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May 9, 2007

Study Shows Link Between Diabetes And Mild Cognitive Impairment

Topics: Medicine

MEMORY_BRAIN.gifIn view of the increasing numbers of type 2 diabetics anticipated in future decades, this indeed is pretty gloomy news, and calls attention to the need for lifestyle changes to avoid diabetes as well as the other known risk factors for MCI and Alzheimer's. According to a report in the April issue of Archives of Neurology, individuals with diabetes may have a higher risk of developing mild cognitive impairment, a condition that involves difficulties with thinking and learning and may be an intermediate step toward Alzheimer's disease:

[...] "Among cardiovascular risk factors, type 2 diabetes mellitus has been consistently related to a higher risk of Alzheimer's disease," the authors write as background information in the article. Mild cognitive impairment-particularly a type known as amnestic mild cognitive impairment, which affects memory more significantly than non-amnestic mild cognitive impairment-is increasingly recognized as a transitional state between normal functioning and Alzheimer's disease.

Jos' A. Luchsinger, M.D., and colleagues at Columbia University Medical Center, New York, studied 918 individuals older than 65 years (average age 75.9) who did not have mild cognitive disorder or dementia when they enrolled between 1992 and 1994. At the beginning of the study and again every 18 months through 2003, each participant underwent an in-person interview and standard assessment, which included a medical history, physical and neurological examination, and a battery of neurological tests that measured learning, memory, reason and language skills, among others. Of the participants, 23.9 percent had diabetes, 68.2 percent had hypertension, 33.9 percent had heart disease and 15 percent had had a stroke.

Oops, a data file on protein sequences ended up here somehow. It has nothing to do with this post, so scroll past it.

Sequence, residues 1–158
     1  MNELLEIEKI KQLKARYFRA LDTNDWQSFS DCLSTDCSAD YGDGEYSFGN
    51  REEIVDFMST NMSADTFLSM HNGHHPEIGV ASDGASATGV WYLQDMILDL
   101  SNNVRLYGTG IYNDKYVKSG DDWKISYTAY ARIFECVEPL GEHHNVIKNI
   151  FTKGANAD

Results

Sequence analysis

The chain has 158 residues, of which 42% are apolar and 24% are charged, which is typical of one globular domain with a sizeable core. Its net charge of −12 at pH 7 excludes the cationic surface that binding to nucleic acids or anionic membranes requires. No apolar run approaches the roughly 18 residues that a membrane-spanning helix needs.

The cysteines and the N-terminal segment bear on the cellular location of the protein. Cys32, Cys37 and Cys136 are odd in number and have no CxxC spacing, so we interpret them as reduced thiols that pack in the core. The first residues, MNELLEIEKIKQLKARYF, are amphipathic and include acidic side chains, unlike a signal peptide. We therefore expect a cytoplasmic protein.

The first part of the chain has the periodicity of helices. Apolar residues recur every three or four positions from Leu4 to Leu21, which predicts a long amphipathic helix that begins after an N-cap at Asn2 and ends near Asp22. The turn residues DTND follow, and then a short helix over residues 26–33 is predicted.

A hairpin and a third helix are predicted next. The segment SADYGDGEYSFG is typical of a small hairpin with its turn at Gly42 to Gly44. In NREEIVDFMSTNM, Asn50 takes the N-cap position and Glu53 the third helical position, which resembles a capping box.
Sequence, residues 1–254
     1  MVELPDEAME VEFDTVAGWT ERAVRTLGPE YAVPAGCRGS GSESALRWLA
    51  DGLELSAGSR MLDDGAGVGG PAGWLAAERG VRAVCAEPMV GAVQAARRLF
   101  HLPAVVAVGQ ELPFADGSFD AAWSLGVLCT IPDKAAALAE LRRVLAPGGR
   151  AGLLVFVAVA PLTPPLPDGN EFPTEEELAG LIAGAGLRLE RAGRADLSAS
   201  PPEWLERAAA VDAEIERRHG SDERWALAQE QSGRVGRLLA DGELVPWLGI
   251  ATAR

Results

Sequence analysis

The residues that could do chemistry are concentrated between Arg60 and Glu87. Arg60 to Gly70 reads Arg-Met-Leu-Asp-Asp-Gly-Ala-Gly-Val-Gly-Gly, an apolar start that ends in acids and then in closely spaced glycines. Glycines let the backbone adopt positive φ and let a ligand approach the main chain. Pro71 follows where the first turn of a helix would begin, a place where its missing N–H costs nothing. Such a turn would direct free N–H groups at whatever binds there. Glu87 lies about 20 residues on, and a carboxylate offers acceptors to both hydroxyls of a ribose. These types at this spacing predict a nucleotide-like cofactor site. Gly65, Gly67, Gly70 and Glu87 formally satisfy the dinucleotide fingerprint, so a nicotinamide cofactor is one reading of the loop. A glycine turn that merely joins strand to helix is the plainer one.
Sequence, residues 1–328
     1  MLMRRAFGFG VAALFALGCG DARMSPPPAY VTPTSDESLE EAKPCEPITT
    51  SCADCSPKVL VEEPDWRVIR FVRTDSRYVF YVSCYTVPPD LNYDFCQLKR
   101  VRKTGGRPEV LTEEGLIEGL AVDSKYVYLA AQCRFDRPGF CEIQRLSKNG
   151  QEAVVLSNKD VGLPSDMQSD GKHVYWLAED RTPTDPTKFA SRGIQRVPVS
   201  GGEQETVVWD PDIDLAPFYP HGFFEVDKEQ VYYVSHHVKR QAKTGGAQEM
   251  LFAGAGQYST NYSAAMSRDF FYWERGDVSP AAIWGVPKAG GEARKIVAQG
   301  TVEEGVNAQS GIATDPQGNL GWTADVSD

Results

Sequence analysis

During an average of 6.1 years of follow-up, 334 individuals developed mild cognitive impairment, including 160 amnestic cases and 174 non-amnestic cases. Diabetes was related to a significantly higher risk of mild cognitive impairment overall and of amnestic mild cognitive impairment specifically after controlling for other factors that may affect risk, including age, ethnic group, years of education and heart and blood vessel disease.

... Diabetes could be related to a higher risk for amnestic mild cognitive impairment by directly affecting the build-up of plaques in the brain, a hallmark characteristic of Alzheimer's disease

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More on MCI here ...

Posted by Richard at May 9, 2007 10:54 PM



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